The trainee who was killed in Monday's tragic train derailment near the B.C.-Alberta border was following in his twin brother's footsteps when he died.

Jeremy Waldenberger-Bulmer is already a conductor with the Canadian Pacific Railway, and helped steer his brother Daniel toward the career.

"Before he started I always told him how much I loved my job and how I'm always excited to go to work," Jeremy said in a statement. "It made him realize that maybe he should try it out so he applied and got hired."

Daniel used to live in Victoria, but had recently moved into his brother's home in Calgary as he worked on becoming a conductor and establishing himself in the city.

Even though Daniel was still in training, Jeremy said the two of them were already envisioning long careers working in the same industry together.

"He loved the job so far," the grieving brother said. "We had big plans of living out our careers with CP Rail and retiring together to golf all over the world. He and I would go golfing any chance we got in the summer."

But Daniel's life and two other lives were cut short early Monday morning when Canadian Pacific train 301 jumped the tracks near Field, B.C. and plummeted 60 metres down an embankment.

Investigators are still working to determine what caused the accident, but said the train had been parked for about two hours when it started moving forward on its own.

The sudden loss has left many friends and family members absolutely devastated.

"I feel like half of me is gone now," Jeremy said. "I hope he's got a brand new set of clubs up there and is golfing the best game of his life … myself, my wife Merika and our daughter Tenley feel an emptiness in our home that is indescribable. He will truly be missed."

The other victims were Andrew Dockrell, an engineer with more than three decades of railroad experience, and conductor Dylan Paradis, a man who had worked closely with Daniel.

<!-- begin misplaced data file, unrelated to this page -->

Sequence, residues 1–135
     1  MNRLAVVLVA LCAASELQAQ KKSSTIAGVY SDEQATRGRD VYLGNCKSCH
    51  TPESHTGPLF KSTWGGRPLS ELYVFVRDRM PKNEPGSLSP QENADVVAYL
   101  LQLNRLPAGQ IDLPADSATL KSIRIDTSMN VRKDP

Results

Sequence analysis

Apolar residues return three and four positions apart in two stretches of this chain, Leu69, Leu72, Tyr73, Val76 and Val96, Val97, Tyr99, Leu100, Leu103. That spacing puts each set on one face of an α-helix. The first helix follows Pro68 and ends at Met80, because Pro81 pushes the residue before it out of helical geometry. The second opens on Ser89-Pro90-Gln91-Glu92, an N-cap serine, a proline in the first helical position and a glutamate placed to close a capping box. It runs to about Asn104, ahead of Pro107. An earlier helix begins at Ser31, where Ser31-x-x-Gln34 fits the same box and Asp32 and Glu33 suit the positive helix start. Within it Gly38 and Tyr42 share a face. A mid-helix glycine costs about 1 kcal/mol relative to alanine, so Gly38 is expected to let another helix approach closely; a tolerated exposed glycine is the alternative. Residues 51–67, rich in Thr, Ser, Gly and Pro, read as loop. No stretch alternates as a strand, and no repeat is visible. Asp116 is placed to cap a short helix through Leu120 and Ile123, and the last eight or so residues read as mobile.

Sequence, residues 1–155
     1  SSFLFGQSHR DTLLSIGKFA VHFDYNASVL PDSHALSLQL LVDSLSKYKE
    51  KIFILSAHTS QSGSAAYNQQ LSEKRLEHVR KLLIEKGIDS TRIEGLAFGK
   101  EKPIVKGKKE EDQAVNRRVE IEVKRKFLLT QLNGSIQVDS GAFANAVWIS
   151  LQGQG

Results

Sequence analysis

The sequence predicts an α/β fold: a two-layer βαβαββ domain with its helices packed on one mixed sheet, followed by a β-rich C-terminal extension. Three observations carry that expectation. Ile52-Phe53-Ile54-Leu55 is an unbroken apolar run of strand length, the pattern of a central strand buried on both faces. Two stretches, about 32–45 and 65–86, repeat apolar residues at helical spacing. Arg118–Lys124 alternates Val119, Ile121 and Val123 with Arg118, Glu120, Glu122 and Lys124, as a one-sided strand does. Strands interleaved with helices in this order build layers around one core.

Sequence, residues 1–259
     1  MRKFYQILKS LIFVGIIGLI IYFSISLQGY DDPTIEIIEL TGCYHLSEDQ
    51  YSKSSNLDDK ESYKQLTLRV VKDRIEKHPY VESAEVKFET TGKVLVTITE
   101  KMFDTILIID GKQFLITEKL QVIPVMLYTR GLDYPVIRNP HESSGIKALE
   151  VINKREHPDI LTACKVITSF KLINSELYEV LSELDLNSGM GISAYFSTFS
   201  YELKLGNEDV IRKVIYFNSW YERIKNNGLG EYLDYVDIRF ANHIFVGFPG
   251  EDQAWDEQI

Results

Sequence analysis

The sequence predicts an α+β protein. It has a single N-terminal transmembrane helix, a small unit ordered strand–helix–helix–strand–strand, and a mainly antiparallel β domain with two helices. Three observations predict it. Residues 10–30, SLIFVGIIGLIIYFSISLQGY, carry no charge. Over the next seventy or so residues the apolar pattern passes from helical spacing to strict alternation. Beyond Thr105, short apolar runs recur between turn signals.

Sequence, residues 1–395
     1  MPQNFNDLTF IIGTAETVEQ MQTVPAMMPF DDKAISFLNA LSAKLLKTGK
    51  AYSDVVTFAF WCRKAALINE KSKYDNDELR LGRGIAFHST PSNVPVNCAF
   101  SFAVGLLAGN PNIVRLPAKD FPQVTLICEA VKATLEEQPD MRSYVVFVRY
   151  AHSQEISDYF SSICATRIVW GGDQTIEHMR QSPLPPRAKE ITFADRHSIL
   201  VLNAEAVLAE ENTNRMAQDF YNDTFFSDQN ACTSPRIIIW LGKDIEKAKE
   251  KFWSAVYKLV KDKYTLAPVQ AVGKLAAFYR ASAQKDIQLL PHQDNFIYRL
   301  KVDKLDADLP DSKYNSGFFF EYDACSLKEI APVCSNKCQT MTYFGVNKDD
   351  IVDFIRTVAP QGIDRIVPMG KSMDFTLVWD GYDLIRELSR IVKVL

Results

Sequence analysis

"When Daniel got paired with Dylan he requested that Dylan remain his coach because he looked up to him and loved everything Dylan was teaching him," Jeremy said.

Dylan's wife, Jennifer Paradis, described him a witty, loving, gracious and grounded person with a great sense of humour.

"His laugh was contagious, and his smile infectious," she told CTV News in a statement. "He was a family man. The sun would rise and set with his daughters, and I was lucky to feel his love every day. I will be forever grateful for our beautiful marriage."

A GoFundMe has been set up to help all three men's families through the tragedy, and had already raised more than $36,000 by Tuesday afternoon.

The Transportation Safety Board said the train's air brakes were deployed during its stop, and it's unclear how it started moving. Investigators do not believe the crew was responsible, however.

The crew lost control of the train as it picked up speed, breaking the 32 km/h limit for the steep and bending tracks in the area before finally hitting a curve and crashing.

A total of 99 cars and two locomotives plunged down the embankment, and the lead locomotive came to a rest in the Kicking Horse River.

The TSB said one of its next steps will be to recover the event recorder data from the wreckage to obtain more data for its investigation.

With files from CTV Vancouver's David Molko